• International Institute for Counter-Terrorism (Israel)
  • Demos (UK)
  • International Centre for the Study of Radicalisation and Political Violence, Kings College (ICSR) (UK)
  • Quilliam Foundation (UK)
  • Moonshot CVE (UK)
  • Royal United Services Institute for Defence and Security Studies (RUSI) (UK)
  • The Institute for Strategic Dialogue (UK)

To visit non-government organisations to learn about community-led initiatives that are promoting social cohesion, especially through the re-engagement of marginalised youth at risk of being radicalised to violence. I held discussions with:

  • Various religious leaders from Judaism and Islam (Israel)
  • The Pontifical Institute, Notre Dame of Jerusalem Center (Israel)
  • London Tigers (UK)
  • The Radical Middle Way (UK)
  • Faith Associates and Barking Mosque complex (UK)
  • Young New Yorkers (USA)
  • Women’s Islamic Initiative in Spirituality & Equality (USA)

To learn about other governments’ work in the fields of CVE and social cohesion. I held discussions with:

  • Mayor of Abu Gosh (Israel)
  • Advisor to Mayor for East Jerusalem Affairs (Israel)
  • Ms Michel Biran (MK Labour Party MP)
  • A member of the Palestinian Authority in the Palestinian Territories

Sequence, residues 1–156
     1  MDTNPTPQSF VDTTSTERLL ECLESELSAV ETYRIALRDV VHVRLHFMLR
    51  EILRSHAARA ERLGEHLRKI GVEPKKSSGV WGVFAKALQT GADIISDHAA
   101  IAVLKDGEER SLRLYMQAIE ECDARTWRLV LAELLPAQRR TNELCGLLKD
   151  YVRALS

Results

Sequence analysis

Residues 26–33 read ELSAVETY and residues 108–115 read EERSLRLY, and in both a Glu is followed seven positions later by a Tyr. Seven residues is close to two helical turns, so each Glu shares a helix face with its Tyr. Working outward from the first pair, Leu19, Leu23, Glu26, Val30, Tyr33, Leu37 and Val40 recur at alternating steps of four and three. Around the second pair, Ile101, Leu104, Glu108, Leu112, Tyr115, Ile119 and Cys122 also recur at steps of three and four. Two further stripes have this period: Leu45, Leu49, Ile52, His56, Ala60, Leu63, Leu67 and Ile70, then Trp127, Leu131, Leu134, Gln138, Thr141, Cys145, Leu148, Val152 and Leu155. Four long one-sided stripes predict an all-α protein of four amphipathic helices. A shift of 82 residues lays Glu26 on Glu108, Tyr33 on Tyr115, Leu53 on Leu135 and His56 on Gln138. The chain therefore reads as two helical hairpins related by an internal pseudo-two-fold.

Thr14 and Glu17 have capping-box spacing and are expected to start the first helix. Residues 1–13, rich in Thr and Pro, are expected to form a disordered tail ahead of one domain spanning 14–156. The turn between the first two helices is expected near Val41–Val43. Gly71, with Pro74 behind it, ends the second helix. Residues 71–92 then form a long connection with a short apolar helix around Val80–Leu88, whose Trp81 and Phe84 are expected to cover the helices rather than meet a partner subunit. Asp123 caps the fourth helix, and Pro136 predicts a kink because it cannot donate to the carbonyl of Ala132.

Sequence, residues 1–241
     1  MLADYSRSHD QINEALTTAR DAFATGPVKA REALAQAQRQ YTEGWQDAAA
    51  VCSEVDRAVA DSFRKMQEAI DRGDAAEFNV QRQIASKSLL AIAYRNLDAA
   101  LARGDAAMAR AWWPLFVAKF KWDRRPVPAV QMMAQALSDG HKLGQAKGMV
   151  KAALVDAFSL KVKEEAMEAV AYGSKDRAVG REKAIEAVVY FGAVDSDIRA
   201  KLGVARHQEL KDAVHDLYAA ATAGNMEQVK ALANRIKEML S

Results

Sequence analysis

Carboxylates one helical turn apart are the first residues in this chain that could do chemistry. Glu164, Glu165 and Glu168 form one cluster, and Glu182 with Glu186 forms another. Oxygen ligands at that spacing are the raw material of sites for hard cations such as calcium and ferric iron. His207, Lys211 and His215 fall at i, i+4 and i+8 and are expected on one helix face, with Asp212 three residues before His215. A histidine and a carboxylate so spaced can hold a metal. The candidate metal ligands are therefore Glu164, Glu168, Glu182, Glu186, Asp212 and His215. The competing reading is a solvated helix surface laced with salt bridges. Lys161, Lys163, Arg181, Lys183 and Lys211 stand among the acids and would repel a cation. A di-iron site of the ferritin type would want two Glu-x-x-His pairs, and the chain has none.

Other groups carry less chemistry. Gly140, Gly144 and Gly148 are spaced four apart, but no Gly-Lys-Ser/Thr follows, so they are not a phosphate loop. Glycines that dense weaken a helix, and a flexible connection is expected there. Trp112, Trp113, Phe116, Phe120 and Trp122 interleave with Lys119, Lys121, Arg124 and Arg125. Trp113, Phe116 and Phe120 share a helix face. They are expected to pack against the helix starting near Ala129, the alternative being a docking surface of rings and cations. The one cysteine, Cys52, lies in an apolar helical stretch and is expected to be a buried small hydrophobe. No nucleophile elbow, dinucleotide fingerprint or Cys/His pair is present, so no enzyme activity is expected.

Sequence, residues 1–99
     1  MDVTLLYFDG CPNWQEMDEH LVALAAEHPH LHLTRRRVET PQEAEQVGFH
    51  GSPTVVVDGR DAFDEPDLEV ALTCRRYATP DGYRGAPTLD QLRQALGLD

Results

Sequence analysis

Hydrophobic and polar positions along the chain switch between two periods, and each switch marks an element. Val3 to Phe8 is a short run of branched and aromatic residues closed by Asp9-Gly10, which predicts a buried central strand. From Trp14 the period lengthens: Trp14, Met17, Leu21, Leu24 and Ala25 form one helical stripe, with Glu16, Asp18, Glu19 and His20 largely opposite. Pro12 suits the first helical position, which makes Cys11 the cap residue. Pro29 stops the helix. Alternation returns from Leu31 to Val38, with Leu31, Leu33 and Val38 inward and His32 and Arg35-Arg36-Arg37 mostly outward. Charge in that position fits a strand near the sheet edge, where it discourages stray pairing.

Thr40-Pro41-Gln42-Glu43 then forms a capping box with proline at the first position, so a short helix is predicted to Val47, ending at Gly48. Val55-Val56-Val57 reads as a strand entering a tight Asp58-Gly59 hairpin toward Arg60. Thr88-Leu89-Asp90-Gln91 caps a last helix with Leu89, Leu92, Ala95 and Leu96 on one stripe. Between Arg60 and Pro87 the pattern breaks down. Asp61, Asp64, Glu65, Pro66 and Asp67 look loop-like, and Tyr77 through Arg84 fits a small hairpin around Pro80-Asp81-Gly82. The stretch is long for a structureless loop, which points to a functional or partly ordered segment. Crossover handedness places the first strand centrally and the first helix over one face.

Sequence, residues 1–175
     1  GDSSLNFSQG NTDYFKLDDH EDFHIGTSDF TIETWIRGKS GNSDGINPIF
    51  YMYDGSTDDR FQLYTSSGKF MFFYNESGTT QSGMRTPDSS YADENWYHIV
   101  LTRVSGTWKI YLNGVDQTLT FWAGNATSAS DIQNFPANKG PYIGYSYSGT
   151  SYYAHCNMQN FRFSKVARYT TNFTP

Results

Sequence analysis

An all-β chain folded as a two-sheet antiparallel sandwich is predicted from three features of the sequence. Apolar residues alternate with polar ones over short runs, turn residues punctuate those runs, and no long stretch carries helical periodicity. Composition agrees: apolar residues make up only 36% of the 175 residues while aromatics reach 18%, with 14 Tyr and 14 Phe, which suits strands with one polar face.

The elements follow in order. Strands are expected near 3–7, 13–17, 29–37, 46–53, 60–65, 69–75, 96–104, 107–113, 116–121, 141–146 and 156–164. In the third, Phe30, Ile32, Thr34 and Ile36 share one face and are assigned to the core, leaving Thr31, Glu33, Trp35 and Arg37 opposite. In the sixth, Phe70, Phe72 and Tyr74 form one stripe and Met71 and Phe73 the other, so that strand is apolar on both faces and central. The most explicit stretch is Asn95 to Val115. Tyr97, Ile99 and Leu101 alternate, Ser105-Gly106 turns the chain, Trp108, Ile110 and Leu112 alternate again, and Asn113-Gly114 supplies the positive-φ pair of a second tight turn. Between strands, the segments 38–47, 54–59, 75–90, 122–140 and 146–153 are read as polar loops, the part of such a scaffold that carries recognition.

• Ministry of the Interior (France)
  • Counter Extremism Directorate, Home Office (UK)
  • Integration & Faith, Department for Communities & Local Government (UK)
  • 100 Resilient Cities (USA)

I participated in the:

  • Leaders’ Summit on Countering ISIL and violent extremism (USA)
  • Strong Cities Network launch and the inaugural steering committee meeting (USA)

To investigate trade and investment opportunities for Victoria. I held discussions with:

  • Chief Scientist of Israel (Israel)
  • Standard & Poors ratings agency (USA)
  • Moelis investment bank (USA)

I spoke at:

  • A Digital Learning in Victoria reception, to promote opportunities to invest in innovation and technology in Victoria. 

Benefits of travel to the State of Victoria

Research and expertise